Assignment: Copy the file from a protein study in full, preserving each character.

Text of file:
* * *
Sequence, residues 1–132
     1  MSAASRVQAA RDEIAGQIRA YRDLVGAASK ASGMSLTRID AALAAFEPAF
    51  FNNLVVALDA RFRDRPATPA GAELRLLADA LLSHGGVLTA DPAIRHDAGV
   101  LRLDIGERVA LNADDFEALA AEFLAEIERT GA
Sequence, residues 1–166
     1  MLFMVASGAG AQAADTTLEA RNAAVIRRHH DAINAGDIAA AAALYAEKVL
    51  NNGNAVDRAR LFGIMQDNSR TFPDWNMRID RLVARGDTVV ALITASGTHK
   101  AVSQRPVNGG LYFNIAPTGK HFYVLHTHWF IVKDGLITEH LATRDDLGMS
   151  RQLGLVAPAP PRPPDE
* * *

Sequence, residues 1–132
     1  MSAASRVQAA RDEIAGQIRA YRDLVGAASK ASGMSLTRID AALAAFEPAF
    51  FNNLVVALDA RFRDRPATPA GAELRLLADA LLSHGGVLTA DPAIRHDAGV
   101  LRLDIGERVA LNADDFEALA AEFLAEIERT GA
Sequence, residues 1–166
     1  MLFMVASGAG AQAADTTLEA RNAAVIRRHH DAINAGDIAA AAALYAEKVL
    51  NNGNAVDRAR LFGIMQDNSR TFPDWNMRID RLVARGDTVV ALITASGTHK
   101  AVSQRPVNGG LYFNIAPTGK HFYVLHTHWF IVKDGLITEH LATRDDLGMS
   151  RQLGLVAPAP PRPPDE